Daalmann, Gregory F. (692nd)

Gregory F. Daalmann 1Gregory F. Daalmann

Biography: Gregory F. Daalmann, “Greg”, was born on February 8, 1921, in Milwaukee, Wisconsin, and was the son of Frederick C. Daalmann and Anna M. Bauer. He attended Sacred Heart Grade School in St. Francis, and Messmer High School in Milwaukee. Following high school, Greg attended Marquette University School of Journalism where he was president of the Chi Alpha Psi Fraternity. He left college to enlist in the Army on August 8, 1942, one semester before he would have graduated.

Service Time: Greg entered the Army and was eventually assigned to Company A of the 692nd Tank Destroyer Battalion. He attended Officer Candidate School and was commissioned as a 2nd Lieutenant, serving as Company A’s Executive Officer. Based on his enlistment date, it is likely that Greg received additional training at Camp Hood, Texas, Camp Phillips, Kansas, Carthage Junction for the Tennessee Maneuvers during November, 1943, through mid-January, 1944 and Camp Campbell, Kentucky, prior to shipping overseas.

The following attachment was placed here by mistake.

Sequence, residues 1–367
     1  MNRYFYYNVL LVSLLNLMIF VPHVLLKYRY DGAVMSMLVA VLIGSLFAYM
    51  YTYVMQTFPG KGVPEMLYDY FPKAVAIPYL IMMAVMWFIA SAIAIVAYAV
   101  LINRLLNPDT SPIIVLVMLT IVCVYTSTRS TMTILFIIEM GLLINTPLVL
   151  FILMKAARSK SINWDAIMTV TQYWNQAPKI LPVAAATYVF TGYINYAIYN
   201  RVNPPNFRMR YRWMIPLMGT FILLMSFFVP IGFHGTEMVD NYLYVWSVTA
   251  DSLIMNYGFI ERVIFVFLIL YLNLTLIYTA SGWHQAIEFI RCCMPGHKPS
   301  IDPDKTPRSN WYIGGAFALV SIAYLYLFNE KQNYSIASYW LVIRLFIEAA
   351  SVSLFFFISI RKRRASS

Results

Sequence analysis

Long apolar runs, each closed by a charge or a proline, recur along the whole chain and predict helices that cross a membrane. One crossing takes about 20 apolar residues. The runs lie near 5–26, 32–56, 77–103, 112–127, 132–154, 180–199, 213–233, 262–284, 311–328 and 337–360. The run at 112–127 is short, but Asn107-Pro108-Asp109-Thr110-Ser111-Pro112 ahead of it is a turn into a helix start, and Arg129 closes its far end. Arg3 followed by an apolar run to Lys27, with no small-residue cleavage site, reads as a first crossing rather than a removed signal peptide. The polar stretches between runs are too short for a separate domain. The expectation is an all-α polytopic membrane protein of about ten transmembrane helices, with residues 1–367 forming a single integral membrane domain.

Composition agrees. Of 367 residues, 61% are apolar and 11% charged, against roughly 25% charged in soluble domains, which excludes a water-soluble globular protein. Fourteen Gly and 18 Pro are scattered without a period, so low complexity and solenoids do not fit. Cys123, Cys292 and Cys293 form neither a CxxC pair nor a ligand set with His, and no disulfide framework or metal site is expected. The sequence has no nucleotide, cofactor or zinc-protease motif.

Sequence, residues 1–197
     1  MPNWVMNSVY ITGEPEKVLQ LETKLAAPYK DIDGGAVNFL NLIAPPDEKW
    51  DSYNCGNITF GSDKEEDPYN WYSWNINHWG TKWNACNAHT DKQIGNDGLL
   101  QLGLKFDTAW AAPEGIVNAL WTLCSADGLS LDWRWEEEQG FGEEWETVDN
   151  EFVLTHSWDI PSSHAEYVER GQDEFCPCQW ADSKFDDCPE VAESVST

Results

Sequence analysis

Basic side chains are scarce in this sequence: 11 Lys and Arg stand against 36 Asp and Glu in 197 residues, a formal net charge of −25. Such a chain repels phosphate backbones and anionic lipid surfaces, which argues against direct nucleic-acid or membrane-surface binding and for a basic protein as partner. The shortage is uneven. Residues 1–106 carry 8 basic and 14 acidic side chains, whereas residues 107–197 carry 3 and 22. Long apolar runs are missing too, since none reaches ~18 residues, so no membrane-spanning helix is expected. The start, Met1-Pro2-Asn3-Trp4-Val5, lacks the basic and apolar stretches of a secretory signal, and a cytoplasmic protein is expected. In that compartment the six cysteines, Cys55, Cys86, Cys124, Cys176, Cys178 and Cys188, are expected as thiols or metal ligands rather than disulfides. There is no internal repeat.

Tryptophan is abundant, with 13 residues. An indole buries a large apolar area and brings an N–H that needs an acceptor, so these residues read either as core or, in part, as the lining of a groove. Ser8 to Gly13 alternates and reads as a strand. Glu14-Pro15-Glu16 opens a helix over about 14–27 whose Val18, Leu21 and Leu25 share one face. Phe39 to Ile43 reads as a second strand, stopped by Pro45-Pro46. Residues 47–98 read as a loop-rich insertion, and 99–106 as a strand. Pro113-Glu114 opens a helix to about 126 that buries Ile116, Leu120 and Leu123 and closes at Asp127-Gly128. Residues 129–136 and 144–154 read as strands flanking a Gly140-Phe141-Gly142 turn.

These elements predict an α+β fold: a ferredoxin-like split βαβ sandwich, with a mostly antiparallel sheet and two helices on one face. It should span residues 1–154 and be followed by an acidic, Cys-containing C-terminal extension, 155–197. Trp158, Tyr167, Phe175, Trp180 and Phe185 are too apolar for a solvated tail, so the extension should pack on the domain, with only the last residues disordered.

The 692nd left the U.S. on September 12, 1944, and arrived at Cherbourg, France, on the 23rd. The battalion was attached to the 104th Infantry Division in late October and was in the Aachen, Germany, area in November. On November 11th, 1944, while engaged in combat to take Eschweiler, Germany, Greg was working to get Company A’s 3-inch anti-tank guns placed when they were hit with an enemy artillery barrage. While leaning over a gun sight, he was struck in the back with shrapnel and killed instantly.

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Lt. Gregory F. Daalmann was due to be promoted to 1st Lieutenant in mid-November and he was awarded both a Bronze Star and Purple Heart medal. He is buried in the Holy Trinity Cemetery, Block E, Lot 10-N, Grave 6, Milwaukee, Wisconsin.

We would like to thank Lt. Daalmann for making the ultimate sacrifice for his country.  Thank you also to Greg’s nephew, Jim Kern, and his sister Mary Anne, for providing the information and photos used in this tribute.  Thanks also to Greg McQuade for providing the b&w photo.




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